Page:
British Prime Minister Theresa May Announces Resignation
British Prime Minister Theresa May has confirmed she will step down as Conservative leader on June 7. She set the timetable for her resignation, Friday. It paves the way for a leadership contest to decide on a new U.K. Prime Minister.
May has failed to unite her Conservative party or the British Parliament behind her Brexit deal. The U.K. has still to settle on the terms on which it will exit the European Union.
The Prime Minister’s departure will spark a leadership race in her party, with Boris Johnson the front-runner. The new leader will become British Prime Minister.
May had intended to reveal her latest Brexit withdrawal plan this week, but amid opposition within her own ranks and other parties, delayed its publication. A backlash against the plan heightened pressure on May to resign. Parliament had already rejected her Brexit withdrawal blueprint several times.
In an address from outside Downing Street, Friday, she said she had tried everything to get backing for her Brexit plan, but without success. “It is a matter of deep regret I have not been able to deliver Brexit,” she said. Her voice breaking, she added: “I will shortly leave the job it has been an honor of my life to hold, the second female Prime Minister, but certainly not the last.”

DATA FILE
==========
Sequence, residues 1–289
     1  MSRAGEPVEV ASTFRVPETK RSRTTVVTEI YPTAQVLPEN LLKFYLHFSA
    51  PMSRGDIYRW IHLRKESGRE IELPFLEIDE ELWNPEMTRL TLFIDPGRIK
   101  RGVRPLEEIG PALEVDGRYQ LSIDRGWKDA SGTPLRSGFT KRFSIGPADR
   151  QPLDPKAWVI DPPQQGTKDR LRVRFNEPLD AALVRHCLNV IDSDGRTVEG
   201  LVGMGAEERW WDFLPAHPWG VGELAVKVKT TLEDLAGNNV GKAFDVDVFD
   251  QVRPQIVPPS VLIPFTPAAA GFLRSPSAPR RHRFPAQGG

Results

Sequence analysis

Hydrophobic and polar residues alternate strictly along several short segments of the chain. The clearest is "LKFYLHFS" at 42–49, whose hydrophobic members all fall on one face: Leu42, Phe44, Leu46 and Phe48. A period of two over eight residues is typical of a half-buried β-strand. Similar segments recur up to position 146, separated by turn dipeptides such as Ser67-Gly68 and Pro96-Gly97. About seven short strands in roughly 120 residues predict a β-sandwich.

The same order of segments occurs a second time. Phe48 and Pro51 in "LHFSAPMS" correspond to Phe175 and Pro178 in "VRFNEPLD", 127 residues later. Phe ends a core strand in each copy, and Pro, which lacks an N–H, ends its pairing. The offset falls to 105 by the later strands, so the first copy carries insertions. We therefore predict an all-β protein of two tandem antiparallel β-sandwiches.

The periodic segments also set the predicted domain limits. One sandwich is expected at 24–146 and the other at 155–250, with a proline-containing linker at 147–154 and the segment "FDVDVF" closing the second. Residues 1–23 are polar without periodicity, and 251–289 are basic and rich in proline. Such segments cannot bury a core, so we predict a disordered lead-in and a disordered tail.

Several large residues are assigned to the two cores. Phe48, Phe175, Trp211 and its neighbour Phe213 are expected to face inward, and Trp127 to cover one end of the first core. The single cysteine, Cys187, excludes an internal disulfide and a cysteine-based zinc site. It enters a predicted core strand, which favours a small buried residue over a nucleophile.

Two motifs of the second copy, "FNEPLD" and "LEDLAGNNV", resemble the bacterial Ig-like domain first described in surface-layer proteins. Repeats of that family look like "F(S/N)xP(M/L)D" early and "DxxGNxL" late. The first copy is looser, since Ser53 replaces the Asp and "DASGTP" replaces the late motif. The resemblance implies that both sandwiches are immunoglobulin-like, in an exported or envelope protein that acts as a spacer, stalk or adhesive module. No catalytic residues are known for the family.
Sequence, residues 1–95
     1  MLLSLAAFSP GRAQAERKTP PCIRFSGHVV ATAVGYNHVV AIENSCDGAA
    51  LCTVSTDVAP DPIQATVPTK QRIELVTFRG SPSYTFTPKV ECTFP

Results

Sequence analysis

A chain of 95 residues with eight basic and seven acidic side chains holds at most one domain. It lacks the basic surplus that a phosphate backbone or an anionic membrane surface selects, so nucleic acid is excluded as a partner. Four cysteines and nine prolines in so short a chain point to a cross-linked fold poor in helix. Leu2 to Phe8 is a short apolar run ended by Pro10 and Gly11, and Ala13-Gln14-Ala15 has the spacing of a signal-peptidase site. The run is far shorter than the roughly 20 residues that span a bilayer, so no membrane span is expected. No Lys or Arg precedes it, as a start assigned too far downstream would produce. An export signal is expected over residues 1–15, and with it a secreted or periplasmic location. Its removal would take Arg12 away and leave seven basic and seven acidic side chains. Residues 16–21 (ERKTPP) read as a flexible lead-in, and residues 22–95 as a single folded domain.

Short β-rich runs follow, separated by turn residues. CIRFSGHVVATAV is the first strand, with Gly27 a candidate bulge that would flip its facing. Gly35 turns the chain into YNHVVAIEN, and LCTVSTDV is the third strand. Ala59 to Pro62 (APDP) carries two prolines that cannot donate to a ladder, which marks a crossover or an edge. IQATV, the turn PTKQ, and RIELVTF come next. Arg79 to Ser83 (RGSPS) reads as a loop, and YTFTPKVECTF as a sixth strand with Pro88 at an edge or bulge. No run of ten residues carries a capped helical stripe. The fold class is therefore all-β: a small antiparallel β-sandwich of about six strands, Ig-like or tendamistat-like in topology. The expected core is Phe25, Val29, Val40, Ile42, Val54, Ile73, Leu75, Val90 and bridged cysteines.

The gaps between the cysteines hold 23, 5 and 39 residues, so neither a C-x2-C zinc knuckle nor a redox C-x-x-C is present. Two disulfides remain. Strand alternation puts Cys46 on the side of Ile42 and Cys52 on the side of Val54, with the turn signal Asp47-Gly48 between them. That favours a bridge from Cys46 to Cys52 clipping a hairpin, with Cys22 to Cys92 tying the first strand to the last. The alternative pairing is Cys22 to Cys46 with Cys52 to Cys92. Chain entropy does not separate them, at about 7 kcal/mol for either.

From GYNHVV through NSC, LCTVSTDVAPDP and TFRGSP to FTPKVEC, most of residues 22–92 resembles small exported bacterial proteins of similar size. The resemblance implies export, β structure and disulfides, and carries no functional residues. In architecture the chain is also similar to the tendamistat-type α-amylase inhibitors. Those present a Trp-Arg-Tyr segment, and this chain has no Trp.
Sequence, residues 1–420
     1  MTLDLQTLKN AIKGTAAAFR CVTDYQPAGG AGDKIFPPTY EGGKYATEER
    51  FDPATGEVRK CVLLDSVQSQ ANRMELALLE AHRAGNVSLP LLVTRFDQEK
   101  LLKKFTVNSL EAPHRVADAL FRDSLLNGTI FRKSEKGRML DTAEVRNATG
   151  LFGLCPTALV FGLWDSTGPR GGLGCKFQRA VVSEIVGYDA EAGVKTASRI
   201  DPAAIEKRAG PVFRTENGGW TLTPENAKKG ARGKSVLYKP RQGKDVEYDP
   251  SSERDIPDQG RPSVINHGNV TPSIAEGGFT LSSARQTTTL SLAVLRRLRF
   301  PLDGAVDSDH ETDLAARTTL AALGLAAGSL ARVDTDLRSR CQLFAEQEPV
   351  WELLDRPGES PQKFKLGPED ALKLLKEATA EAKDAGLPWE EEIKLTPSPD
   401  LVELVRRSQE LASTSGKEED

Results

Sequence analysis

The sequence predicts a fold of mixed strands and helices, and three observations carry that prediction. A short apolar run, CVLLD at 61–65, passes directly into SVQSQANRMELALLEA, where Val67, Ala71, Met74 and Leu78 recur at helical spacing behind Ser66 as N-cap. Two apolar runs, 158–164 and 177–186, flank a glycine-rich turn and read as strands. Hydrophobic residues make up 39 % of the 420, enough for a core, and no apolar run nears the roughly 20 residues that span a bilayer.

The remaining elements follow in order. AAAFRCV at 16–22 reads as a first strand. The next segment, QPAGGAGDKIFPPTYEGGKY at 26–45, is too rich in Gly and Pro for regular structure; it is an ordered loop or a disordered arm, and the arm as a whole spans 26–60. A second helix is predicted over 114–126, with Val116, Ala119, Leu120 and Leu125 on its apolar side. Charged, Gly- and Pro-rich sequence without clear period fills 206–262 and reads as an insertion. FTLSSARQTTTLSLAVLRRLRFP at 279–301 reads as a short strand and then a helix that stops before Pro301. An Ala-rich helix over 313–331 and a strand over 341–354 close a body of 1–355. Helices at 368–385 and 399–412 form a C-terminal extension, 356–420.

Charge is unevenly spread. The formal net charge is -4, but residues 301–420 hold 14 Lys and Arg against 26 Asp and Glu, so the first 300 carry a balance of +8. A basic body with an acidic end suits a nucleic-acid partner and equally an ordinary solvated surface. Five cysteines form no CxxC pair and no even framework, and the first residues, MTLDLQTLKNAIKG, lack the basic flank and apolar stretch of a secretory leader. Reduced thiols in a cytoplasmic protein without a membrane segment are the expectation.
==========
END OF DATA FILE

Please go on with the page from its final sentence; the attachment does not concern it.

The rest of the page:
The Prime Minister had already lost the support of prominent members of her party, and several high-ranking ministers reportedly told her in recent days that they could not back her new plan, weakening her position further.
May has been Prime Minister and Conservative leader since 2016, replacing David Cameron. She has been a Member of Parliament since 1997 and was Britain’s home secretary from 2010 to 2016.
Her departure date means the outgoing Prime Minister will still be the British leader when U.S. President Donald Trump’s contentious U.K. state visit takes place in early June, and in position for the commemorations of the D-Day Landings.
News of May’s departure plans come a day after the U.K. voted in the European Parliamentary elections. The Conservative and the main opposition Labour parties are expected to fare badly.
Brexit is front and center in British politics. The film and TV businesses continue to express concerns about the impact on the sector. TV channel operators are already relocating their bases. Anecdotally, producers say some European partners have become wary about co-production even though technically it should be unaffected by Brexit.
European leaders recently permitted the U.K. to delay Brexit by six months, meaning a new deadline of end-Oct.